Smoke pollution can also cause or worsen serious illnesses such as asthma, heart disease, chronic bronchitis, emphysema and pneumonia. Exposure to small particulates is associated with a significant rise in the number of premature deaths from respiratory and heart disease. It's also linked with more emergency room visits, hospitalization, and time off work and school. Long-term exposure in pregnant women can cause premature births and low birth weights.
Senior citizens, infants, and people who already have lung, heart and other illnesses (such as diabetes) are the most vulnerable. However, healthy adults and children can be affected, too.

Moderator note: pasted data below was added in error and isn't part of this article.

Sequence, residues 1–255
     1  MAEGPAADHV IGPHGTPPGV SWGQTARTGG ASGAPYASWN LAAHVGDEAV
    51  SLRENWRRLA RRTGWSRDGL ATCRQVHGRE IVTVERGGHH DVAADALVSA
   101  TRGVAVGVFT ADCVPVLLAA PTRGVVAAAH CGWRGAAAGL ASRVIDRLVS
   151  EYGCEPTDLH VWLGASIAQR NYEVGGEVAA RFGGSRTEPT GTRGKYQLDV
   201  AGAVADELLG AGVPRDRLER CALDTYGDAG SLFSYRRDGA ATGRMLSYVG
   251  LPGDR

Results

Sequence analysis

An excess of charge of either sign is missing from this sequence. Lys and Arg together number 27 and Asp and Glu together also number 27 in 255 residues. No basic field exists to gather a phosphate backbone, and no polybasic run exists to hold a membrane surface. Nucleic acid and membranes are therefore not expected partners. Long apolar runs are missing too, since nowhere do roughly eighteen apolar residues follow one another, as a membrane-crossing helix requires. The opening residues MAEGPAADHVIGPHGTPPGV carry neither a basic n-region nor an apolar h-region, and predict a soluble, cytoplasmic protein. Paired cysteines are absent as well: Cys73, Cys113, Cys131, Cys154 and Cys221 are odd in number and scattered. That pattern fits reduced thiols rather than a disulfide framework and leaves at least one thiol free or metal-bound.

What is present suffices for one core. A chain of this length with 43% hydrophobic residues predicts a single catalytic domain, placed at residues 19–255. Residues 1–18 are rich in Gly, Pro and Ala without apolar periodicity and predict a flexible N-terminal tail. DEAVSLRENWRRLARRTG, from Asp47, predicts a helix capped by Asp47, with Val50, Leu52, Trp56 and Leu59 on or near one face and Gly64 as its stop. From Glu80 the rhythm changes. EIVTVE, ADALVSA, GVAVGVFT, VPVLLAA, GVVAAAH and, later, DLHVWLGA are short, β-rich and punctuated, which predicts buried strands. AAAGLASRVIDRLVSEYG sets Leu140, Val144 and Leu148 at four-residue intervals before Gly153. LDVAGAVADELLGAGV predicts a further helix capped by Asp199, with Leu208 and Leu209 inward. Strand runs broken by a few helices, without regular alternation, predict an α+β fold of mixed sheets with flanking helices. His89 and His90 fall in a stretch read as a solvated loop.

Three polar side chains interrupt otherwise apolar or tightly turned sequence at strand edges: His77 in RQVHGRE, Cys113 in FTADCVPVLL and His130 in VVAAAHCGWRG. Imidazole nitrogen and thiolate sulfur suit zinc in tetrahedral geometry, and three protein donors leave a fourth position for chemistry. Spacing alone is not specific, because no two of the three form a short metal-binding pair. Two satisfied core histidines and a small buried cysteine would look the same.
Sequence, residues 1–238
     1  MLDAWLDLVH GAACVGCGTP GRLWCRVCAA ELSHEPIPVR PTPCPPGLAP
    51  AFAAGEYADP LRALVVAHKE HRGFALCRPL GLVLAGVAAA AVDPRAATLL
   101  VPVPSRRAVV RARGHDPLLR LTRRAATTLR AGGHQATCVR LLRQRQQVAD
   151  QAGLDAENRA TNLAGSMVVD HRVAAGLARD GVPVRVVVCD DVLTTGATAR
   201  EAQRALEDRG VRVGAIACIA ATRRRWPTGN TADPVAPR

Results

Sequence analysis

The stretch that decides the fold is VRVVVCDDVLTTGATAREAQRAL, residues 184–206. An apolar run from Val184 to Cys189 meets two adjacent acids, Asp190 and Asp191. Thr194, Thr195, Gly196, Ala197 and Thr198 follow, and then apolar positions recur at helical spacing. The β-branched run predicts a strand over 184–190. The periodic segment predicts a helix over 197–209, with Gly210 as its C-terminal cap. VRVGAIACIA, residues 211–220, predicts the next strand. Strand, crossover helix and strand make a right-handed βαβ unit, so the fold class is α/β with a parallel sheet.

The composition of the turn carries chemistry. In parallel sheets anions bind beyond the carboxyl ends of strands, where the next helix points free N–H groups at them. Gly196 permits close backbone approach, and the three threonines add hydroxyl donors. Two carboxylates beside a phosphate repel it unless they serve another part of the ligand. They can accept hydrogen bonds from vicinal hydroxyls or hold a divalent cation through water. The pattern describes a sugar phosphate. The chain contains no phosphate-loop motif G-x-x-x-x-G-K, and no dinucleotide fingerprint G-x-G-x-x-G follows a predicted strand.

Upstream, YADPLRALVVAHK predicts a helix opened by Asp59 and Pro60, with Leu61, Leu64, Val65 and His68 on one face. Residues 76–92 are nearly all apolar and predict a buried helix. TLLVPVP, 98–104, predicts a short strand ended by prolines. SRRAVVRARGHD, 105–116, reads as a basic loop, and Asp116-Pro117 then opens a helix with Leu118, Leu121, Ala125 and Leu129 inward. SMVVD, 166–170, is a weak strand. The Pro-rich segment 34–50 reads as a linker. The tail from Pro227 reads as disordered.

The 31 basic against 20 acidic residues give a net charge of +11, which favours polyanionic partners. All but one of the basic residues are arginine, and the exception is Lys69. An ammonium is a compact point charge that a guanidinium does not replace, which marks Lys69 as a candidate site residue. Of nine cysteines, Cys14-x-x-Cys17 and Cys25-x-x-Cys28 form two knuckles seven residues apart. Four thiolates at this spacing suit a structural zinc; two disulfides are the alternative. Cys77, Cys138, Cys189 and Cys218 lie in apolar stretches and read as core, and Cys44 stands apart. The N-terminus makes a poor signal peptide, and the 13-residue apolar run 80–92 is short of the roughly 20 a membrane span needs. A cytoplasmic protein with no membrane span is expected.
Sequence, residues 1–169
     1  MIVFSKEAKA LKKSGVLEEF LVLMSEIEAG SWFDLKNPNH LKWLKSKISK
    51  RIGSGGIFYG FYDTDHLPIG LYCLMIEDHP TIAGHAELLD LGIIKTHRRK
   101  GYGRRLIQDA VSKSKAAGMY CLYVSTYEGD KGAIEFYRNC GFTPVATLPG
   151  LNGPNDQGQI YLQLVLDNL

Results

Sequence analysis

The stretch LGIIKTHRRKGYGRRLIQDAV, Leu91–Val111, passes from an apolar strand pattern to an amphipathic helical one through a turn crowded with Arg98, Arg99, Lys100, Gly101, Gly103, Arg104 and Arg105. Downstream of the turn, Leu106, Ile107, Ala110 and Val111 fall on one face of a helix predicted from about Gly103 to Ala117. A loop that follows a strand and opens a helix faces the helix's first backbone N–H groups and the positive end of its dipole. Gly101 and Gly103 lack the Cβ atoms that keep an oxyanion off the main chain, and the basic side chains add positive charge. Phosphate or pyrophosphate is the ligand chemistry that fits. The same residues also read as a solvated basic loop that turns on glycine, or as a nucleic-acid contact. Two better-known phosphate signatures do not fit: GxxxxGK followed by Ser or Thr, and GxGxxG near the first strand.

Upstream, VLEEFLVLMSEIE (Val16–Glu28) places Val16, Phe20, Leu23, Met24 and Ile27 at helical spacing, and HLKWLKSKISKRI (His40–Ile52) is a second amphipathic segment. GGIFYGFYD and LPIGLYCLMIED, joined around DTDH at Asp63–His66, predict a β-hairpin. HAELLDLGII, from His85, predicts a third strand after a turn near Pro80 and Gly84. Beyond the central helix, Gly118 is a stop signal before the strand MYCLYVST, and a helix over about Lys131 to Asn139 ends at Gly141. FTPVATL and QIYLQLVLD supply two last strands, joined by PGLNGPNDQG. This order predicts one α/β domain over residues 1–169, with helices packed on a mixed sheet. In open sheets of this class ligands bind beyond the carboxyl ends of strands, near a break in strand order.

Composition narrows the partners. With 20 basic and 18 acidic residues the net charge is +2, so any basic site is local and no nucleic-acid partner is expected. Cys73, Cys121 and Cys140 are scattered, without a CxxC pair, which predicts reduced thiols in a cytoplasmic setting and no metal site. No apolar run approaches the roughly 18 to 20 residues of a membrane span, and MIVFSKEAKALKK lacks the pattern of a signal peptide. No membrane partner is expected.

The BC Lung Association study of air quality found that even low amounts of small smoke particulates in the air can harm our health. In fact, the study pointed out that a safe level has not been found. As the pollution increases, so do the health problems.
You can access the government's up to the minute smoke pollution information via their website, AirNOW. Just put in your zip code...
CLICK HERE TO SEE THE SMOKE POLLUTION IN YOUR AREA RIGHT NOW.